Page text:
The aluminum is a neurotoxin, which is like a poison to your brain and nervous system. Some experts have speculated that this metal plays a big role in Alzheimer’s disease, and evidence is steadily mounting that it truly does. Fortunately, there’s also a suggestion that a number of natural plant extracts and nutrients can prevent and reduce aluminum toxicity in the brain and prevent the progression of memory loss and some other cognitive insufficiencies.
The evidence that’s connecting aluminum and Alzheimer’s disease
Dr. Walter Lukiw, PhD, Professor of Neuroscience, Neurologyand Ophthalmology at Louisiana State Universityled a team of neuroscientists, who have been studying the potential contribution of aluminum to the development and progression of Alzheimer’s disease for almost 30 years. Dr. Lukiw and his fellow scientists recently summarized the research connecting aluminum and Alzheimer’s disease.
“Aluminum’s contribution to Alzheimer’s disease is based upon at least 7 independently derived observations,” statedthe researchers. Briefly, those 7 pieces of evidence are:
- Aluminum promotes beta-amyloid plaques in the brain at levels that correspond to those currently found in people.
- It promotes inflammation in the brain by increasing the pro-inﬂammatory molecule recognized as nuclear factor kappa beta (NF-kB), a noticeable feature in the brains of people with Alzheimer’s disease.
- Out of the thousands of brain gene messenger RNA molecules. That are molecules that convey genetic information from DNA to cause gene expression and aluminum increases the same ones that are augmented in Alzheimer’s disease.
- If aluminum is added to the diets of animals with Alzheimer’s disease,it causes additional brain changes relatedto Alzheimer’s disease such programmed cell death, deficits in gene expressionand oxidative stress.
- Aluminum,moreover, causes the same types of cellular energy deficits that are linkedto Alzheimer’s disease, like impaired signaling involving ATP and energy consumption.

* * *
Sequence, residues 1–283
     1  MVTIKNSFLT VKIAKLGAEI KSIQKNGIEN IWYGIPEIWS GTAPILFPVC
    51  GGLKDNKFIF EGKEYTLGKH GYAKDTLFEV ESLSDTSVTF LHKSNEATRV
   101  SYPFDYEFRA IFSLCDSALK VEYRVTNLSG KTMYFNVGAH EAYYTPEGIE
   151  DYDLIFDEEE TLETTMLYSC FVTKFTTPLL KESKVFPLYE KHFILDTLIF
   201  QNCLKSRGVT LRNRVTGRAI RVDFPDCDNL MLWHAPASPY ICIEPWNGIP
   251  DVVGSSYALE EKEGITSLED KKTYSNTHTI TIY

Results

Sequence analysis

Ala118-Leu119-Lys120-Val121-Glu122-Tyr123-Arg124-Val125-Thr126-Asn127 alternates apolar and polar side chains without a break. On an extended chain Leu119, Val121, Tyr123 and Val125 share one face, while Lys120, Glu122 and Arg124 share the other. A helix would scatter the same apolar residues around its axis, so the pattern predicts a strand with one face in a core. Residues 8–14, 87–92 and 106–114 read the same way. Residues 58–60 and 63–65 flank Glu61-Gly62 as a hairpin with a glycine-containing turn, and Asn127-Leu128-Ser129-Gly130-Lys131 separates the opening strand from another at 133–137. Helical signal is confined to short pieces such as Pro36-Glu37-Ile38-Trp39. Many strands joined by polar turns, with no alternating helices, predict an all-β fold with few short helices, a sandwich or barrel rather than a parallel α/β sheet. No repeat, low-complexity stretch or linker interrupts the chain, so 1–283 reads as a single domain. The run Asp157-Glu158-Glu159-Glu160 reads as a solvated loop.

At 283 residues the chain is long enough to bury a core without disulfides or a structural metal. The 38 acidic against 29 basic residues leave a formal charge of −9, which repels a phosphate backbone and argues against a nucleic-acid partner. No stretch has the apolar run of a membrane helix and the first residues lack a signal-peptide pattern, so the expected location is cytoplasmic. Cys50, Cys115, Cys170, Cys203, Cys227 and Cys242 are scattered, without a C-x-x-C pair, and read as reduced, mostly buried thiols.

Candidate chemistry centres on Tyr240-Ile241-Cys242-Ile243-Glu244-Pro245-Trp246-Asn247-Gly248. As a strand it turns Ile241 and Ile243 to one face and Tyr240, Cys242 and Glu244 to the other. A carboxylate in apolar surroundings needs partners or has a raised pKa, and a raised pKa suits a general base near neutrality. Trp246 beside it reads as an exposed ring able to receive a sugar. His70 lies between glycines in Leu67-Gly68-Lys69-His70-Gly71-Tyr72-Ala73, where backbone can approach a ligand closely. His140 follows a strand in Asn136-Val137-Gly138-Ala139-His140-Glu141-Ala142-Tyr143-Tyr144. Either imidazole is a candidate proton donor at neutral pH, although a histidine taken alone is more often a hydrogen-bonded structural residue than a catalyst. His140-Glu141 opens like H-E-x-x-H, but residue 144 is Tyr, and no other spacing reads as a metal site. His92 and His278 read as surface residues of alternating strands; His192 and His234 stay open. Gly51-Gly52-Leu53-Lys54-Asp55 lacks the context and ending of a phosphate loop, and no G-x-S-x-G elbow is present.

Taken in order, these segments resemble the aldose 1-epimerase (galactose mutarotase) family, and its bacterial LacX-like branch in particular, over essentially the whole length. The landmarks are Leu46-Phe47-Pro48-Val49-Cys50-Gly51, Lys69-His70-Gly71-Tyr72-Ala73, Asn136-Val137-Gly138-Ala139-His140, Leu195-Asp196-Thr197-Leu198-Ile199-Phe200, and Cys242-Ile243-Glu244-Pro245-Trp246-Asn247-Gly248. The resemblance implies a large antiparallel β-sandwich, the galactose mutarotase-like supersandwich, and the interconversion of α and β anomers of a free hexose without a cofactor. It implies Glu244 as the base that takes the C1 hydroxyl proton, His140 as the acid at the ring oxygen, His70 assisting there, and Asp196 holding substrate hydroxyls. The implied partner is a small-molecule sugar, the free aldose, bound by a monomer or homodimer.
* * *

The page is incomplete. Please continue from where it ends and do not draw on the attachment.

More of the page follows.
- A very big number of studies connect the amount of aluminum in drinking water to the occurrence of Alzheimer’s disease. Worldwide, as a clarification or “finishing” agent,aluminum is added to drinkingwater.
- However, all the Alzheimer’s disease drug treatments tried to date, chelation using an aluminum chelator has been shown to be one of the most efficient therapeutic strategies.
Digging deeper: what animal studies have found
There is no morally acceptable way to directly test if aluminum causes Alzheimer’s disease in people. Since it’s not ethical to dose people with aluminum, scientists must rely on other scientific methods of investigation to define aluminum’s role in this disease. One way to do this is to test it on animals.
It’s now well-established that aluminum directly causes Alzheimer’s-like behavioral problems, memory impairment, and learning deficits in animals, even in very small doses. For example, rats that consume aluminum in quantitiesequal to those ingested by Americans from their water and food,in old agedevelop severe Alzheimer’s-type cognitive deterioration.
The case of the Alzheimer’s patient and the aluminum in his brain
Dr. Christopher Exley, PhD, of Keele University in the United Kingdomis another famousscientist who is studying aluminum’s negative health effects. Dr. Exley,with his team has found that aluminum appears to accumulate in the brain with age. The most recent research shows that lots of people above the age of 70 have a potentially pathological quantity of aluminum accumulated in their brains.
Dr. Exley, together with his colleagues were the first to demonstrate the significantly raisedlevels of aluminum in the brain in an individual diagnosed with early-onset Alzheimer’s disease following occupational exposure to aluminum. Occupational contact to aluminum is associated directly with impaired cognitive function.The more aluminum to which a person is exposed, the poorer he perform on tests for memory and other cognitive functions.
The case that Dr. Exley presented involved a previously healthy man diagnosed with Alzheimer’s disease at age of 58, after more than 8 years of consistent exposure to dustof aluminum sulfate. Initially, the man complained oftiredness, headaches, and mouth ulcers. Thenhe started to show memory problems and began to suffer from depression before he was lastly diagnosed with Alzheimer’s disease.
After he died in 2011, in his brain’s cerebral cortex was found neurofibrillary tanglesandabundant beta-amyloid plaques, consistent with advanced Alzheimer’s disease. His family and the local coroner requested that the samples of the man’s brain tissue to be sent to Dr. Exley for analysis of aluminum. According to Dr. Exley, it’s extremely rare to have as much brain tissue as was the analysis need, and this opportunity enabled the most thorough analysis of a brain region’s aluminum content that ever was undertaken.
The data collected confirmed the accumulation of aluminum in the man’s brain tissue. In samples from the frontal lobe, the aluminum levels were excessive and high enough to cause the disease. Even though Dr. Exley’s data cannot prove that aluminum caused the man’s aggressive Alzheimer’s disease, he says that it’s highly likely given the known neurotoxicity of aluminum.